Do’s and Don’ts of Bringing your Kids to the MosqueWritten by Aicha Lasfar
Mosques, much like libraries, are considered by many to be quiet and still places of reflection and contemplation, especially during prayer times. When the faithful attend the mosque, it is usually in the hopes of leaving behind the chaotic and noisy world outside in order to connect deeply with the Divine. That is, until an all too familiar sound of running footsteps, gleeful shrieking and the cries of a frustrated infant break the silence… We’ve all been there; trying to concentrate on the imam’s beautiful recitation despite a child singing the Spider-Man theme in the back of the room and unintentionally bringing you back to your favorite 90’s cartoon instead of the deep meaning of the Qur’anic verse being presently recited… Here are a few tips for parents like myself who would like to bring their child to the mosque, while conserving the peaceful atmosphere therein.
DON’T bring children who can’t sit still: Between the ages of 18 months to 3 years old, it is unrealistic to expect a toddler to understand the concept of sitting quietly.
My husband experimented once by bringing our 2 year old son to the mosque for Maghrib prayer, and quickly decided not to bring him again until he is old enough to understand not to run around and climb on the minbar (He tells me that during the prayer, the older kids were so rowdy that the imam was losing his concentration and kept making mistakes in his recitation! Not cool.)
DON’T bring messy snacks or loud toys: As worshippers, we all have a responsibility to keep the mosque clean. Snacks that have a strong smell, are sticky or make lots of crumbs are not suitable for a place that has so many carpeted surfaces. Beware of noise pollution as well; toys that make music or other sounds are just plain distracting.
DON’T be selfish: Are you bringing your child(ren) to the mosque in an effort to teach them the proper conduct within its walls as a holy, quiet place of reflection? Or are you bringing them because you can’t find a babysitter and don’t want to miss out on Taraweeh (Ramadan Night Prayers), regardless of the consequences to the khushoo’ (concentration) of other worshippers?
DON’T dump your kids on others: Don’t assume that the teenage girls chatting away in the corner are there to watch your children. Unless the mosque clearly offers babysitting services, you and you alone are responsible in making sure that other worshiper’s khushoo’ (concentration) is not broken by your children’s behavior. Furthermore, if your child is rowdy and loud, he or she will influence other children. Before you know it, there’s an army of children playing tag in the back of the room.
DO make it a learning experience: The mosque is a wonderful place to get your child to learn how to pray and connect with the Divine. When your child is old enough to listen to your basic commands, bring them along with you often as a learning experience to teach them about the mosque as the quiet place of prayer and reflection that it is.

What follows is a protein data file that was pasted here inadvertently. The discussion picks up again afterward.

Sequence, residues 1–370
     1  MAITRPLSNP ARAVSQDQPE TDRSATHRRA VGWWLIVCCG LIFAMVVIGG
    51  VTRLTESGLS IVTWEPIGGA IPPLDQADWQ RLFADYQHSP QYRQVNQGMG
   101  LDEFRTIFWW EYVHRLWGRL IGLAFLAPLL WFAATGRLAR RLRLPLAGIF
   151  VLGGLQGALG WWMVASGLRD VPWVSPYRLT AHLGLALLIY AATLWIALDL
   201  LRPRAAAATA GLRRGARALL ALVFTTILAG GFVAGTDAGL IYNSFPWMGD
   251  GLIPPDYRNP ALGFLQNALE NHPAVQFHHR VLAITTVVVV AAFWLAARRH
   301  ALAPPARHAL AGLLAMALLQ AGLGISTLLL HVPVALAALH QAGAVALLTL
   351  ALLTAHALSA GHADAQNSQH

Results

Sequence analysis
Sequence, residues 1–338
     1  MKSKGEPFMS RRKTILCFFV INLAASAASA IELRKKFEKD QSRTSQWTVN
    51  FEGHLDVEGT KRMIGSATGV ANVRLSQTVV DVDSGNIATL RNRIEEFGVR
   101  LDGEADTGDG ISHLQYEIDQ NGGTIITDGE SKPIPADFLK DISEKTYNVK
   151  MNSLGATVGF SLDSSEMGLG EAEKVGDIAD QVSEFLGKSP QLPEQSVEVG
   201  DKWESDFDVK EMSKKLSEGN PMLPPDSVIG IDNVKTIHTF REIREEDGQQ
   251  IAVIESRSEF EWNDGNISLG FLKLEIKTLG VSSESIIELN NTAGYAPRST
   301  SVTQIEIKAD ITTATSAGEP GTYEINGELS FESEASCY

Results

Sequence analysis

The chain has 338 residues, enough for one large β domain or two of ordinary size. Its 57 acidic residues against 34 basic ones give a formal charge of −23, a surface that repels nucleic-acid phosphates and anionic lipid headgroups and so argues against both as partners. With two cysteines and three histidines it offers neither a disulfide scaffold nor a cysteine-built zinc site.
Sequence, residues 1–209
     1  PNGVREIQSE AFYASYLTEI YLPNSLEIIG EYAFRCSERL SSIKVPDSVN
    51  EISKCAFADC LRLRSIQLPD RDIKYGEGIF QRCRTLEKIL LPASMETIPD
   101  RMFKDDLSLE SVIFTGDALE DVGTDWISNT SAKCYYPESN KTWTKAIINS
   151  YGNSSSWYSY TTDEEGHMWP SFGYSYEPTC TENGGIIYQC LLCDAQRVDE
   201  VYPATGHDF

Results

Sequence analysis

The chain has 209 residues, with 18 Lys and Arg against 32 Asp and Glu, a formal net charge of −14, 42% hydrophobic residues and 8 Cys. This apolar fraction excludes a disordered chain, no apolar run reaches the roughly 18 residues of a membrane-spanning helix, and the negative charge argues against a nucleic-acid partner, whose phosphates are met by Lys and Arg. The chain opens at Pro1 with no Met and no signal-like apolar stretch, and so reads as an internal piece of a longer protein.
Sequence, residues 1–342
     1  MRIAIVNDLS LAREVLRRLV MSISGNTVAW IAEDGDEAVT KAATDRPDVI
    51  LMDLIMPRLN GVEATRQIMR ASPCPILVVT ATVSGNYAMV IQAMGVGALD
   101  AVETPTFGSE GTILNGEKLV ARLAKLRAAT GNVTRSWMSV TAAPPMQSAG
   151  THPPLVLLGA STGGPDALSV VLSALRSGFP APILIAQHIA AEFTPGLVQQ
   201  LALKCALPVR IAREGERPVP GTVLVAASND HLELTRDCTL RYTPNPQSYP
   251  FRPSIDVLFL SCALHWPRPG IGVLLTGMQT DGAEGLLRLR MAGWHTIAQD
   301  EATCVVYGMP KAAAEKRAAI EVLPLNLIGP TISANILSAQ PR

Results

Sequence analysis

DO come prepared and bring quiet activities: The huge, open carpeted space of the mosque seems like the perfect place to run and tumble around for a small child, but it is not made for that purpose. If you want to attend the Jumu’a but aren’t certain that you bored child can stay calm during the duration of the sermon, bring a quiet and simple activity for them to do, like an Islamic coloring book with crayons, their favorite truck, or another noiseless toy.
DO be considerate of your child’s schedule: Dragging your kids around when they are due for a nap (or worse, bed time) will only make it a frustrating experience for everyone. Taraweeh is very late this year, and it is tiring for adults, let alone small children. Children at Taraweeh prayer are either crying because they are too tired, or running around and screaming because they are having a rush of energy from being over-tired. If you absolutely must bring your child with you to Taraweeh or any other prayers that coincide with your child’s sleep/nap time, consider adjusting their sleep schedule so that they are not tired and cranky.
DO consider staying at home: There is a reason women are not obligated to join the congregation at the mosque the way men are. Women are (generally speaking) the main caregivers of children, and so it is a mercy from God that we are allowed to be flexible and pray in a place that is the most convenient for us and our children. It’s not only my fellow worshippers who suffer by having their concentration broken and prayers interrupted; it is also stressful for me to bring my children, as I am more focused on keeping them quiet by my side rather than connecting with my Lord. When praying at home, I can pray peacefully knowing that my children are not disturbing anyone.
Also consider taking turns with your spouse to watch the kids so that both of you have a chance to attend the mosque without the stress and distraction of bringing them along.
In the end, every parent knows their child best and only you can determine when your son or daughter is ready to attend the congregation.
In conclusion, mosques, much like libraries, are meant to be places for quiet reflection and study. Let us all be considerate and keep other worshipers in mind when attending the mosque.
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